Any tips on dining ettiquette?

Recently for my wife’s birthday we went to a great restaurant that was far & away the best I’ve ever been to. Trouble was, I had no idea how to behave, which for to use, or even how to interact with the guy when he handed over the wine menu. It probably sounds a little odd, but…does anybody have any tips on dining ettiquette? I feel out of place when I don’t know what to expect or how to act, however the food at that restaurant makes me want to eat more often at places like that.

Any tips on ettiquette like interacting with the maitre’d, ordering wine, or how to tell what fork I should be using would be awesome. Thanks.

Answer #1

Usually to get a server’s attention, you can usually catch her/his eye, but if not, you may ask a nearby server. If the matter is not urgent, wait until the server checks at the table to make sure everything is okay; be discreetly on the lookout for him/her to do so, so you won’t be caught with your mouth full. Avoid getting up from the table to hunt someone down. Remember the meal is not the main purpose for your being there.

Your salad plate and bread and butter plate are on your left, above your fork. Your beverages are on the right above your spoon. Remember: Solids on the left, liquids on the right.

Always use your silverware from the outside in. So if you have two forks, the outside fork is for salad and the fork closest to the plate is for your main course. The silverware will be removed as you finish each course. There may be a third fork outside the salad fork for appetizers. Usually no more than three utensils are placed on each side of the place setting. If a fourth utensil is needed, it is placed above the plate and is usually for dessert and/or for coffee to be served with dessert. (When you are seated, don't play with your utensils or make them a topic of conversation.) Put the knife across the top of your plate when you are eating, blade facing toward you. The spoons and all utensils should be rested once in a while in the little plates under your soup bowl or on you main course plates.

AHHH!!!!!! for the wine, truly one doesn’t need to be a connoisseur to understand how to act like one in a good restaurant, its good to learn about wines though, so start with this and learn your wines……..there are a couple of things when ordering wines you need to keep in mind, how to select, inspect, the pulling of the cork, and smell/tasting…..and the rest well enjoy….

HOW TO SELECT Option 1 - Ask your server or the sommelier for their advice. In upscale restaurants, servers should be fairly knowledgeable about the wines they offer and how they complement various dishes. Tell him or her your preferences, what you’re planning to eat, and how much you want to spend. Sommeliers, the restaurant’s staff wine expert, will be happy to select a wine for you. Let them know your preferences and, to silently communicate your price limit, point to an appropriately priced wine on the list and say, “Something like this.”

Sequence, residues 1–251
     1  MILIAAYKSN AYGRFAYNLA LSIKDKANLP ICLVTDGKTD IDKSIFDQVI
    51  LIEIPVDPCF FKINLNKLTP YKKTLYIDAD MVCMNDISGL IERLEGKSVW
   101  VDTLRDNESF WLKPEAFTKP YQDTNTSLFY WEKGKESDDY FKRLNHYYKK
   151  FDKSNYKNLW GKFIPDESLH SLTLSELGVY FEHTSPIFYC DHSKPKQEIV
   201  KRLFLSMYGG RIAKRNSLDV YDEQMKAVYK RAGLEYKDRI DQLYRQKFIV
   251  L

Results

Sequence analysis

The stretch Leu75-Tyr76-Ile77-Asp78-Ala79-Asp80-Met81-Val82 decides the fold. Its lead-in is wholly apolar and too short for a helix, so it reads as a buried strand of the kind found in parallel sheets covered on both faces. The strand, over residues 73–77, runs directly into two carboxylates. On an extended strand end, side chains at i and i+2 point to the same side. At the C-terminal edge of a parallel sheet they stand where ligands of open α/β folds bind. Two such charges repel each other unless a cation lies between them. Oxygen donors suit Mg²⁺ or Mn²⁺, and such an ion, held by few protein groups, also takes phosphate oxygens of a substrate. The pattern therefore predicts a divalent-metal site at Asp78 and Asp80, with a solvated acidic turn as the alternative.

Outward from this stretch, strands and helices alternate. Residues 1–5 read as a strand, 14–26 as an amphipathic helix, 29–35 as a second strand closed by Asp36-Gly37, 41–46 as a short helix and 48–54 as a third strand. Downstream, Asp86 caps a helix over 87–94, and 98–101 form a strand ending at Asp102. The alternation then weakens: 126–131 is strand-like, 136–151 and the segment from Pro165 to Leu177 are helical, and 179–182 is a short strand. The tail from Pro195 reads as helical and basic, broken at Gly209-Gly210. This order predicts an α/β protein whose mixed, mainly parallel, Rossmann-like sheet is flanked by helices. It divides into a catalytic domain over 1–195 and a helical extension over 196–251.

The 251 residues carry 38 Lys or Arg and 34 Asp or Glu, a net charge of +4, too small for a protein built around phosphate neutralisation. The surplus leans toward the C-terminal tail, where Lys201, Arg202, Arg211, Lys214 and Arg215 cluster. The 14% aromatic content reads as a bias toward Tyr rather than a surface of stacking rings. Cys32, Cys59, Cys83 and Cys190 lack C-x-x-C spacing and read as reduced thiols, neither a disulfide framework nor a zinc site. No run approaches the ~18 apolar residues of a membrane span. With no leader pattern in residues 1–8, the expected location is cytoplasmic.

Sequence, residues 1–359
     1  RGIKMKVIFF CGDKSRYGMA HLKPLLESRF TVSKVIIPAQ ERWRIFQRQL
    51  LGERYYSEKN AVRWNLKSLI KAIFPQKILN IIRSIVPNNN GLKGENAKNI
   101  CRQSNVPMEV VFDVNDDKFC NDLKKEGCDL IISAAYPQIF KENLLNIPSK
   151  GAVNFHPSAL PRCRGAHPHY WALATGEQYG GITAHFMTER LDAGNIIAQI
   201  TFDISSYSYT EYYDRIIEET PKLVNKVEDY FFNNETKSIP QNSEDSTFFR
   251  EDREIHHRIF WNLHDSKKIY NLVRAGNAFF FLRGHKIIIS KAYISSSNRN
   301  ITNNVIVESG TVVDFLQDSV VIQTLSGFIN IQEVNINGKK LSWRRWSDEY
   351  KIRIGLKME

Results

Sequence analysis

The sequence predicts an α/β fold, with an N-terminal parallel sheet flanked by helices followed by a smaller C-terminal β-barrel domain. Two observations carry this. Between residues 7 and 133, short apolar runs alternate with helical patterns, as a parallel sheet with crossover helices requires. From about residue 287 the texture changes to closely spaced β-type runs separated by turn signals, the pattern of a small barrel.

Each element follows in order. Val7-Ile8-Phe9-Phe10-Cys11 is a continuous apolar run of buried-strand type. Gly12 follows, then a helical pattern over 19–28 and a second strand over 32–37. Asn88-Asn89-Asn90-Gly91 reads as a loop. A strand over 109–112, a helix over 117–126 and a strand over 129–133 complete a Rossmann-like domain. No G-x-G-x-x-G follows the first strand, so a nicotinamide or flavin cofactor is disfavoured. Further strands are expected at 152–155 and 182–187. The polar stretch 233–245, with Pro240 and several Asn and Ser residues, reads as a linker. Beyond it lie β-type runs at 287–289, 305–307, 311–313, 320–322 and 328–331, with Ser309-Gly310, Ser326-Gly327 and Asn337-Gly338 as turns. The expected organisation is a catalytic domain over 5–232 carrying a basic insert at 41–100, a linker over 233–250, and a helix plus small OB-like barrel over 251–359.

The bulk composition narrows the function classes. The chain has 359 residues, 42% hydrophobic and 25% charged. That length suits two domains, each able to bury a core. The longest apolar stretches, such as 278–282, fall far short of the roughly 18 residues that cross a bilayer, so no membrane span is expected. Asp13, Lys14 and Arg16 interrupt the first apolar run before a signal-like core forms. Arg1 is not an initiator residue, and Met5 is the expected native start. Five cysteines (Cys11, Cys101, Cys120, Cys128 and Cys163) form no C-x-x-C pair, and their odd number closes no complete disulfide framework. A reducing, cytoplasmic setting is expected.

Option 2 – If you have a wine lover in your group, let them make the choice.

Option 3 – Forget the wine list. Order 1-2 bottles of the house white and/or red. This can be a good choice for almost every occasion. Restaurants choose those wines to match its food.

Option 4 – Order wines by the glass. This is a good way to try several different wines with a meal and accommodate the varying preferences of the group.

INSPECTION Usually the Inspection is first…….The ritual begins when the unopened bottle of wine is brought to your table and shown to you. This is so you can check that the wine they have brought is the one you ordered. Look at the label and confirm it is the bottle - and vintage - you ordered. Simply nod to the server to show that you approve.

REMOVING OF THE CORK at any upscale restaurant the server will remove the cork and show it to you, why? to place it in front of you to inspect. Don’t sniff the cork; just look at it, then nod. The cork should be neither wet all the way through nor dry. Either condition indicates that the wine was stored improperly. Corks should be moist.

TASTING A small amount of wine will be poured into your glass. This amount is intended to be sniffed and tasted. You are to determine if the wine has gone bad, not if you like it or not. It is only appropriate to reject wine when it has turned, not because you don’t like it. At this pt do what you have seen on TV the guy who swirls the wine and smells it and sips a taste……..

congradulations, you are part of the elite members of our society according to dining etiquettes….

can’t believe all of those lessons mum and dad gave us actually came in handy, its a good thing to know………hope this helps

More Like This
Ask an advisor one-on-one!

Great Secret Of Life

Food & Cooking, Recipe Sharing, Vegetarian Lifestyle


Cooking Tom

Cooking classes, Food blog, Recipe website


Mimi's Cafe

Restaurants, Cafes, Dining


Conejo Valley

Restaurant, Dining, Home Cooking


Cooking Tom

Food & Beverage, Cooking Classes, Recipes